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Moving Image Preservation
The Moving Image Preservation labs are equipped to inspect, clean, repair, and reformat a broad range of video and motion picture film formats historically employed by videographers, artists, organizations, and individuals to document and preserve their work and lives. The labs work on archival materials contained throughout The New York Public Library system, including the: Manuscripts and Archives Division, Jerome Robbins Dance Division, Dorot Jewish Division, Rodgers & Hammerstein Archives of Recorded Sound, Theatre on Film and Tape Archive, Moving Image and Recorded Sound Division, as well as others.
Moving Image Preservation staff perform work on both video recordings and motion picture film. Video formats that can be accommodated by the labs range from some of the earliest open-reel video formats from the 1960s and 70s, such as ½” CV and EIAJ, to the U-matic, Betacam, VHS, and MII analog videocassette formats, to the digital videotape and file-based formats of recent years. The labs are equipped to handle many of these formats in both North American (NTSC) and European (PAL/SECAM) variants.
The Moving Image Preservation labs support the assessment, repair, and care of a broad range of motion picture film materials. Many of the films that receive attention are unique film elements ranging from home movies to choreographic and artistic records, and consist of a wide variety of film gauges: Regular 8mm, Super 8mm, Single 8mm, 16mm and 35mm. In the labs films are prepared to be sent to preservation vendors for transfer to digital formats to fulfill requests for researchers, exhibitions, broadcasters, and filmmakers.
All of these analog media types used to record moving images are now obsolete, and the equipment and expertise necessary to extract the content from the media are frequently difficult to obtain. Most of these formats also suffer from various forms of deterioration, such as shrinkage of older acetate-based motion picture film or binder hydrolysis of magnetic tape, which can impede the reformatting process. As a result, Library engineers generate very high-quality digital files from these analog originals in order to avoid having to re-transfer any materials in the future. In preparation for this reformatting, the materials must often first be cleaned, repaired, stabilized, and rehoused. All reformatting is done using carefully maintained, professional-grade equipment, following best practices informed by organizations in the field, including PrestoCentre and the Association of Moving Image Archivists (AMIA), and by peer institutions, such as the Library of Congress and the National Archives and Records Administration (NARA). Following the reformatting process, the original materials are sent to the Library’s off-site storage facility, which maintains climate conditions appropriate for moving image materials.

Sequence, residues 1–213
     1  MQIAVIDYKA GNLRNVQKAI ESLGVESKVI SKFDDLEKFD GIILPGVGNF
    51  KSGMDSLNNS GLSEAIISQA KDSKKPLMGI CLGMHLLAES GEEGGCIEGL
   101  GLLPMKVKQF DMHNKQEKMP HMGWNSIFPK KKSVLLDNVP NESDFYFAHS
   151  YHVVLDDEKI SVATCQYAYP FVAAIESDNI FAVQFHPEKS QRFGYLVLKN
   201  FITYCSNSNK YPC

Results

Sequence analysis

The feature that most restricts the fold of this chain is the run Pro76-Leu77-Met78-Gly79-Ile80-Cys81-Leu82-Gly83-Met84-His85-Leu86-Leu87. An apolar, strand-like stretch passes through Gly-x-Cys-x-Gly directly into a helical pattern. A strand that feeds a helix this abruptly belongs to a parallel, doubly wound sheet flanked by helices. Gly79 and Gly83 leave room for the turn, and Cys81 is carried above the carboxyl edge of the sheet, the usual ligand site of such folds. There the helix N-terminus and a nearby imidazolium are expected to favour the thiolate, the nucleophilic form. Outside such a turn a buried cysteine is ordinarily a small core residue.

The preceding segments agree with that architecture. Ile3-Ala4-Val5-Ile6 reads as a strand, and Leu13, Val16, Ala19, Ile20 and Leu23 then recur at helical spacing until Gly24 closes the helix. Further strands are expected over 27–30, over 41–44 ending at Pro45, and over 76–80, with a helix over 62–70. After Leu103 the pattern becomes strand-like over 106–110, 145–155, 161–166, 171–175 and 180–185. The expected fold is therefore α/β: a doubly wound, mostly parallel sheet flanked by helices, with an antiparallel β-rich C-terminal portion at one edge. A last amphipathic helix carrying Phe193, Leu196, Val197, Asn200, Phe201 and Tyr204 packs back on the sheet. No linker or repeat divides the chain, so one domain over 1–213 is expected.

In addition to the high-quality digital preservation files, the Moving Image Preservation staff create access copies to be made available to patrons. Much of this content is made available as streaming video through NYPL Digital Collections, while other content is available as DVDs for on-site viewing. Staff also supply video for public programs and exhibitions, both at the Library and at other institutions around the world, as well as for various artists, television networks, and documentary productions.
- Preservation Week 2015: Taking Care of Your Collections at Home
- Time Machine: Interstitial Moment, Video Stockholm Syndrome
- Preservation Week Lecture: Be An Informed Consumer of Custom Picture Framing
- Preserving the Visual Past: Panasonic MII
- Preservation Week 2015: Be an Informed Consumer of Custom Picture Framing
- Preservation Week 2015: Caring for your home book, paper, and photograph collections
- Preservation Week 2015: Caring for Your Personal Audiovisual Media
- Preservation Week 2015: Introduction to Film Preservation with NYPL’s Reserve Film and Video Collection